But the amended bill would give legislative majority Republicans more appointments, ensuring they would maintain control of an 18-member board through September. After that the bill reduces the board to 16 members, with the governor and minority party legislators having as many appointees as majority legislators. The GOP-dominated board also would control who the agency’s CEO would be until Sept. 1.

Sen. Kathleen Vinehout, D-Alma, said the new timeline raises the question of what the agency will be doing, and why Republican lawmakers want to protect it, for the next nine months.

Assembly Speaker Robin Vos, R-Rochester, said at a news conference Wednesday morning he hopes current WEDC CEO Mark Hogan would stay on in the position for the next nine months to change Evers’ mind on the agency that he campaigned to dissolve.

Evers responded: “I don’t think the people of Wisconsin expect me to have, like, a nine-month training period in order to make sure that I can figure out how to work on economic development.”

The Senate amendment preserves the bill’s restrictions on early voting, permitting it to begin no sooner than two weeks before an election.

That would curtail the current date window for early voting in large cities such as Madison or Milwaukee — shortly after record early voting totals, especially in those large cities, helped Democrats win every statewide race in the November election.

Democrats oppose lame-duck bills (copy)

Sen. John Erpenbach, D-Middleton, speaking during the Senate lame-duck session Tuesday, compared the lame-duck session to someone stealing towels from a hotel.

It also could land the state back in court, as a federal judge struck down a similar restriction in a 2016 ruling.

Vos said he’s confident the provisions will be deemed constitutional and downplayed any costs involved in litigation.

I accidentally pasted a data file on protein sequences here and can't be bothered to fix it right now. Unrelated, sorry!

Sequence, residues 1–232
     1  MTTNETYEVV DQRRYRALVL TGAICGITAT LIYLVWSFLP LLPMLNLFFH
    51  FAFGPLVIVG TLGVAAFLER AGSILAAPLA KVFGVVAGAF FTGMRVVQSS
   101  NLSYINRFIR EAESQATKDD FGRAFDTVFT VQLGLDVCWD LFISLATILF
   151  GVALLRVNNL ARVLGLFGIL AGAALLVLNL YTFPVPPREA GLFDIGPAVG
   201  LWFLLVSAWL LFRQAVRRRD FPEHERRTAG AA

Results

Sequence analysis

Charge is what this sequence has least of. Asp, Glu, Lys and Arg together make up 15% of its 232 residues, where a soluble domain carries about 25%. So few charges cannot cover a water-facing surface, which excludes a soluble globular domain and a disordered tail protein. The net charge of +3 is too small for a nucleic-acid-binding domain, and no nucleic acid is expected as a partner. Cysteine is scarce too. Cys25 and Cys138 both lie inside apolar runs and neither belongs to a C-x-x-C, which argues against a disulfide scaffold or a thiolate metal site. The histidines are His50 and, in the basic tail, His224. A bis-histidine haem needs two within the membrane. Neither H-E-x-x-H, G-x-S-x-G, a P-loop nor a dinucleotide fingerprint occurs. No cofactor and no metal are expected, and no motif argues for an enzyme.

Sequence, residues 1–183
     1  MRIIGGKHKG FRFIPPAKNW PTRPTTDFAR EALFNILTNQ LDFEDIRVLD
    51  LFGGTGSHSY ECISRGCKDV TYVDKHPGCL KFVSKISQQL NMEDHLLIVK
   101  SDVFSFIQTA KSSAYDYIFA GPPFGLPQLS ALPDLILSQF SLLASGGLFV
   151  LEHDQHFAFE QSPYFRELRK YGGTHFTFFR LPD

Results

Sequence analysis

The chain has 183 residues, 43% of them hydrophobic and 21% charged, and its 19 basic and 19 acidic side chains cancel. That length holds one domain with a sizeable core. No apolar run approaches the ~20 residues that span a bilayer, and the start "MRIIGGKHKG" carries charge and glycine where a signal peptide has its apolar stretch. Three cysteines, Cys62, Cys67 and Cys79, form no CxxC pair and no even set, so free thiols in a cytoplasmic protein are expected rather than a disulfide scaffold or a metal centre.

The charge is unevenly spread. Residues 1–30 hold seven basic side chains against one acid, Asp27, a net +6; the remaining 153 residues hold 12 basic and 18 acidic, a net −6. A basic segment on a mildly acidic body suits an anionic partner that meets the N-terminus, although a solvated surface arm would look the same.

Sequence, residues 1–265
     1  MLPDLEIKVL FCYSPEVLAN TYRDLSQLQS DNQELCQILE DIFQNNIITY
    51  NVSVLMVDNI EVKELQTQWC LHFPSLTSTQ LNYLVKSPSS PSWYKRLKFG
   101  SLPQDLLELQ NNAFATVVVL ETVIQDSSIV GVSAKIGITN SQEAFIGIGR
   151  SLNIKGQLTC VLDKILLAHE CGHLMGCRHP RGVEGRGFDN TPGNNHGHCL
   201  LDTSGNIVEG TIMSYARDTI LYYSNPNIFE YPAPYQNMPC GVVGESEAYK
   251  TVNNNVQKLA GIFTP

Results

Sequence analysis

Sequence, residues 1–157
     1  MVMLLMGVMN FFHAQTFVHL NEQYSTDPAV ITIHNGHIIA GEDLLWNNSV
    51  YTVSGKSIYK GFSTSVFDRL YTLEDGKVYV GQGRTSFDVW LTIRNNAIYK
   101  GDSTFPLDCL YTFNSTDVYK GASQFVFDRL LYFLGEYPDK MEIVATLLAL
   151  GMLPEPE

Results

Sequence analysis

Senators took up but failed Wednesday to pass an Assembly GOP bill dealing with health coverage for people with pre-existing conditions. The vote was 16-17, with Republican Sens. David Craig and Chris Kapenga joining Democrats in opposition. Craig and Kapenga had proposed another version of the bill that also was rejected in a related Senate vote.

Vos said he was “deeply disappointed” at that outcome and vowed to keep pushing the proposal in the next session. Disagreements about the pre-existing conditions protections were partially to blame for delays in votes Tuesday, he said.

The bill would have barred insurers from denying coverage to people with, or charging them more on the basis of, a pre-existing health condition — though with exceptions if the person had a gap in coverage.

The bill lacked the federal Affordable Care Act’s broader suite of protections for people with serious health problems, such as the assurances that certain basic benefits are covered or that coverage will not be capped.

It also would not have applied to those who get their insurance through a self-funded employer plan, because federal law only permits the federal government to regulate those plans.

One of the bills passed Tuesday writes into law some of Walker’s signature health and human services initiatives, including a Medicaid waiver approved in October by President Donald Trump’s administration. It requires some childless adults on Medicaid to comply with work requirements and pay premiums and co-pays.

Observers not happy with lame-duck session bills (copy)

Dozens of opponents of the lame-duck bills crowded the Senate gallery during debate Tuesday. At one point disruptive observers were asked to leave.

Another bill, dealing with taxes and transportation, includes a tax break for certain high-earning small business owners. It is proposed to align the state tax code with the federal tax cut measure enacted by congressional Republicans and Trump in December 2017.

The bill also aims to direct federal transportation funds to certain projects to exempt those not receiving federal money from federal requirements on worker wages and environmental protections.

Another controversial proposal, to move the state’s presidential primary from April to March, was left for dead Wednesday. So was a bill that was the original stated reason for the lame-duck session: a state subsidy package to preserve Kimberly-Clark manufacturing jobs in the Fox Cities.